Bemused Locals Have Mixed Reaction to Destruction of Georgia Guidestones Monument

By Jackson Elliott
Jackson Elliott
Jackson Elliott
Jackson Elliott reports on family-related issues and small-town America for The Epoch Times. His current focus centers around parental rights in education, as well as the impact of progressive ideology in curricula and transgenderism in youth. He can be reached at:
July 7, 2022Updated: July 8, 2022

ELBERTON, Ga.—The Georgia Guidestones monument has left locals as confused by its destruction as by its creation.

In 1980, a mysterious man using the pseudonym of Robert C. Christian built the monument out of local granite.

Into it, he had carved a series of laws meant to guide humanity after a nuclear war.

Early on July 6, another mysterious person blew up one of the monument’s pillars, leaving the small town of Elberton with another big mystery.

Epoch Times Photo
Nat, an Elberton local, says of the destruction of the Georgia Guidestones monument, “It was one of those spooky stories of Nowhere, U.S.A.,” on July 7, 2022. (Jackson Elliott/The Epoch Times)

The first ones to know something had happened were the monument’s neighbors Arlene Padgett and Bud McClure. The blast woke them both and left their team of horses on edge even hours later.

Padgett and McClure heard the explosion at 4 a.m. At first, both said they thought it was thunder and returned to sleep.

But even then, McClure said it seemed unusual.

“It didn’t echo. When you hear thunder down here, you’ll hear it go all over,” he said.

Whatever happened destroyed one of the Guidestones monument’s five pillars.

“They were terrorists on a budget,” McClure said of the attacker.

‘Asleep at the Wheel’

Whatever happened, there’s no shortage of means and motive, locals say.

Around Elberton, theories fluttered as to what happened. Some favored an “Act of God” from a lightning strike.

Others believed the monument was destroyed by a “Rod from God,” an orbital weapon that drops heavy metal rods that strike with explosive force.

Still, others said the destruction came from a missile.

Neighbor Arlayne Thomas said she guessed it was dynamite.

Elberton refers to itself as the “Granite Capital of the World” and isn’t short on high explosives.

“It’s probably dynamite with all the quarrying around here,” she said.

Thomas slept through the explosion.

Many locals disliked the monument, said Padgett. It was vandalized several times, leading to the installation of a security camera linked to the town’s emergency services.

But no one answered.

“Somebody must’ve been asleep at the wheel,” said Padgett.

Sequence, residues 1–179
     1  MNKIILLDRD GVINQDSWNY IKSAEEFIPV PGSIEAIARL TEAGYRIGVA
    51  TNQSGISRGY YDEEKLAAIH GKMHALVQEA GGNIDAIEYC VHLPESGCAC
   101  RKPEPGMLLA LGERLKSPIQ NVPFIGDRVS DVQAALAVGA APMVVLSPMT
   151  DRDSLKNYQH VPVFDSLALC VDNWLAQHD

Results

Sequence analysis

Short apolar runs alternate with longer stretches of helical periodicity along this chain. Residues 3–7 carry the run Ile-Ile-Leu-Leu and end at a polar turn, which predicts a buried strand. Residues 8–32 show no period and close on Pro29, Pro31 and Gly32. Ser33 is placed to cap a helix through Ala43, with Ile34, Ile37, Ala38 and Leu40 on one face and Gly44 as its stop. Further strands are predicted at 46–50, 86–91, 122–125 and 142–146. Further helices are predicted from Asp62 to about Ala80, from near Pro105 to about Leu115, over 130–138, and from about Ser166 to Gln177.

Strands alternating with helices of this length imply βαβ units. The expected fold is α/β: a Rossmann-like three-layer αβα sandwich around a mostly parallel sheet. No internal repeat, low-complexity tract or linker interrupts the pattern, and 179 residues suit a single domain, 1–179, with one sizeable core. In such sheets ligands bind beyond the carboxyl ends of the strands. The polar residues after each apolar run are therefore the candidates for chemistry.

Nevertheless, Padgett and McClure say they feel ambivalent about the monument’s destruction.

“There was nothing worth seeing to start with, in my opinion,” said McClure.

The neighbors agreed that they looked forward to the end of people turning around in their driveway to see the monument.

Many in town believed it was satanic in origin, locals said. But no one interviewed by The Epoch Times expressed this belief.

“Personally I don’t think it’s satanic,” local Carol Beckton said unprompted.

But many people do, she added.

“I’ve had mixed feelings about it,” said Eliot, a new arrival to the Elberton area. “It was interesting as a spectacle, but very foreboding at the same time. It was a place where I was on edge.”

Written in Stone

The monument had the following laws written on it, among others:

“Maintain humanity under 500,000,000 in perpetual balance with nature.

“Guide reproduction wisely—improving fitness and diversity.

“Unite humanity with a living new language.

“Rule passion—faith—tradition—and all things with tempered reason.”

Georgia politicians seem to believe that dislike for the monument was strong enough to make it a campaign plank.

Gubernatorial candidate Kandiss Taylor made demolishing the monument part of her platform.

Construction crews later took down the remainder of the monument because it was unstable without the destroyed stone, neighbors said.

One local said she was disappointed that the monument was removed and wondered if its mysterious creators would return.

“I was wanting to see if the secret people would come back,” said Dianne Tucker.

However strange the monument gave the town a touch of character, said some locals.

“It was one of those spooky stories of Nowhere, U.S.A.,” said Nat, another recent arrival to Elberton.